Home Technology Future Prototype "Clutch Crutch" Might Help Better Healing in the Future

Prototype “Clutch Crutch” Might Help Better Healing in the Future

You will not know it until you experience it. Whoever tried to recover by walking with crutches knows something about pain and struggle. And that isn’t a broken leg or ankle, but hands and underarm muscles which are constantly under inflammation.

Brett Adams Andrew Fan Jeffrey Cargill Sameer Saiya and Junyan Lim all graduates of Purdue School of Mechanical Engineering Clutch Crutch FlipAdaptation to regular crutches, after putting a plaster bandage, seeks time and an odd feeling because you have to rely on something that isn’t your leg.Walking, sitting, every single daily activity which includes crutches now can be more practical and functional for use.

Here comes a prototype called Clutch Crutch, a special design of unique substitute for usually wooden or metal crutches.It was invented by a student, and it is entirely hands-free.

How does the Clutch Crutch work?

There is enough space for leg and thighs to rest with a special support and extension which replaces your leg. So while your leg is well enough supported, you can walk with no problems. This kind of leg posture actually keeps all the weight of the injured leg, and the foot is still in a position to move along with support to simulate walking.

This could actually help injuries heal faster. It is meant to improve the healing of sprained ankles, Achilles tears or broken feet. For now on, there is only a prototype, and a group of student inventors is trying to create even a lighter version for use.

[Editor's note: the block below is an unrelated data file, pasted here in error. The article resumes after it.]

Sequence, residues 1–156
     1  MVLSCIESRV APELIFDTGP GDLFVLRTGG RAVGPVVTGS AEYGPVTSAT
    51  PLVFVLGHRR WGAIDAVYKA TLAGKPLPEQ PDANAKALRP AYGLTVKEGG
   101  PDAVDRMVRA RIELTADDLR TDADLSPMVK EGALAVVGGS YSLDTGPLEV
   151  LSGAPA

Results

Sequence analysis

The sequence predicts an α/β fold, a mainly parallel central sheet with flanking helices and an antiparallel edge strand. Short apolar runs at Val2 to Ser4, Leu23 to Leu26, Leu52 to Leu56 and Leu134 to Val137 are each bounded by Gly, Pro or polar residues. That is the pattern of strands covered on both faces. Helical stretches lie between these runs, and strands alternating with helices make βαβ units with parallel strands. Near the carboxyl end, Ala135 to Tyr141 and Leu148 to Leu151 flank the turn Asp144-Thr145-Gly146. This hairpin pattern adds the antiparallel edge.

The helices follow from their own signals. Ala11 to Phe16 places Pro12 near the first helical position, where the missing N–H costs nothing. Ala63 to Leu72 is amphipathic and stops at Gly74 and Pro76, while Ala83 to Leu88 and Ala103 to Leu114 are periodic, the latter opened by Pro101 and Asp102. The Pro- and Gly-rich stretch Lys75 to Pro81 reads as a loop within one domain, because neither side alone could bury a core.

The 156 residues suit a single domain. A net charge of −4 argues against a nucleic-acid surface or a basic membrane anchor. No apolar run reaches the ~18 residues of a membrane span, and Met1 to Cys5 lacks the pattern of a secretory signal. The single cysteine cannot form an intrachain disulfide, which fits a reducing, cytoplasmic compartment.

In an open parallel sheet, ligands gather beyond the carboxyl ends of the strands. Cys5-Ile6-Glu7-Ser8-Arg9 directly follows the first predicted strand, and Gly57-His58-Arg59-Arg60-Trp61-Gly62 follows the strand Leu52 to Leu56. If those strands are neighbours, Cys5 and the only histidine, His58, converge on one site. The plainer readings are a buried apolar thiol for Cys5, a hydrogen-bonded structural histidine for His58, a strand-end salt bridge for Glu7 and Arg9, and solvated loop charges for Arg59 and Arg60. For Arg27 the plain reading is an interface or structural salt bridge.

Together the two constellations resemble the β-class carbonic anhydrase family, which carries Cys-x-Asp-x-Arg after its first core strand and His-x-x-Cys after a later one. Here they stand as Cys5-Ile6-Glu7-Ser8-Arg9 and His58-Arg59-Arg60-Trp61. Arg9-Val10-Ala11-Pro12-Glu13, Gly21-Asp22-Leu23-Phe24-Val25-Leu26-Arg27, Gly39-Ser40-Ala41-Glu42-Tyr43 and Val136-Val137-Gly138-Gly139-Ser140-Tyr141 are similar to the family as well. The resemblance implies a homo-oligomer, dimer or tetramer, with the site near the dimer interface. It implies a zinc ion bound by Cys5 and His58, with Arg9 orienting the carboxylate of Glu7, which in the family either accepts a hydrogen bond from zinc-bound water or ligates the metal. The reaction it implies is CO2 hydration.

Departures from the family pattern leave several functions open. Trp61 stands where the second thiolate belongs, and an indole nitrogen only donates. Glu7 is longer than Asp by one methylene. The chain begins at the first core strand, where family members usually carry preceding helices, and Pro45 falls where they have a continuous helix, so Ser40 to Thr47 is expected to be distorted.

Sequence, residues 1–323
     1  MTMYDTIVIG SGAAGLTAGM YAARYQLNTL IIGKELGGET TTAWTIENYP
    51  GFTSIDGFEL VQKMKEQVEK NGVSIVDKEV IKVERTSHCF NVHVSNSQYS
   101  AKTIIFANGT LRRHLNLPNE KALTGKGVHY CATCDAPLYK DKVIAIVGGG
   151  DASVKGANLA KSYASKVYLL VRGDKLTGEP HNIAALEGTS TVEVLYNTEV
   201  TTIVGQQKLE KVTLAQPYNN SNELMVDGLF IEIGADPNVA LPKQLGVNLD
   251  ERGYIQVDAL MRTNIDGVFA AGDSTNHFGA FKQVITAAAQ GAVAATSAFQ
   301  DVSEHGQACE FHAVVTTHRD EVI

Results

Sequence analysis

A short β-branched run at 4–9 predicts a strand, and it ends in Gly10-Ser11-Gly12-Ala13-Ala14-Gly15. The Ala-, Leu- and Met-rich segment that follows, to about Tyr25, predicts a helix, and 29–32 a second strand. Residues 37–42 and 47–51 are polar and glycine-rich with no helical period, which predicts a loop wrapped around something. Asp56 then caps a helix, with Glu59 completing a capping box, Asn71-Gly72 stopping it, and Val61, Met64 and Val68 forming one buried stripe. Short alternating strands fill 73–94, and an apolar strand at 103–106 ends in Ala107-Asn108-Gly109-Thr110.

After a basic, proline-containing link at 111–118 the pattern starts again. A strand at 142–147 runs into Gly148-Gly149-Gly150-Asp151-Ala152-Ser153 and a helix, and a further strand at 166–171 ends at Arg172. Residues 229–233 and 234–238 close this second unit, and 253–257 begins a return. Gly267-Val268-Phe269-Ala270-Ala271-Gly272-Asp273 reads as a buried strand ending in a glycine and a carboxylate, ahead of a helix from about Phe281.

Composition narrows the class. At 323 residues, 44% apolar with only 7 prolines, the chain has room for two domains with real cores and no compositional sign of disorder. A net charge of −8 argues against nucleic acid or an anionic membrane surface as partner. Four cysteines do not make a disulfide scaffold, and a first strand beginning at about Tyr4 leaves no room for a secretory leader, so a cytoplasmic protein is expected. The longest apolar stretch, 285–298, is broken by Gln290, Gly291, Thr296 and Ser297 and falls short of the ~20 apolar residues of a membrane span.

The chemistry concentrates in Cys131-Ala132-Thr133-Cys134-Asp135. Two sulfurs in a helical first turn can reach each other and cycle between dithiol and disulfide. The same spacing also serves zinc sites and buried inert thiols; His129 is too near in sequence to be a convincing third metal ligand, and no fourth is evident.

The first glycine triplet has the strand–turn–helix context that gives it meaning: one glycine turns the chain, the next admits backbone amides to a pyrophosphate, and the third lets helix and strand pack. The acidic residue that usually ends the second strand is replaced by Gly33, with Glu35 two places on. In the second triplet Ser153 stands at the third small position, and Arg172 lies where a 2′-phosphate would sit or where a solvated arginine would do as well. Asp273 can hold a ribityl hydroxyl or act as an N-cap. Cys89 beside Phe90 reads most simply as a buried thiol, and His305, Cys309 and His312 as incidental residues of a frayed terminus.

Some of their plans are to add some more features into this leg helper, such as apps or sensors. Now it is official – old fashioned crutches are history and recovering can be a much more relaxing than it used to be.

This is the first prototype of the Clutch Crutch — the design will be improved once it goes to market. For more information contact Brett Adams.

YouTube: “Clutch Crutch” Gets Injured People On Their Feet

Photo credit: Brett Adams / Sameer Saiya
Source: Purdue University / Brett Adams

Natasha Saru
Natasha Saru
If you are reading this, you are probably a news addict such as I. Thumbs up! Journalism is my passion and writing the news that matter is my mission. While I’m chasing the breaking stories, in between I’m a foodie and dedicated movie fan.



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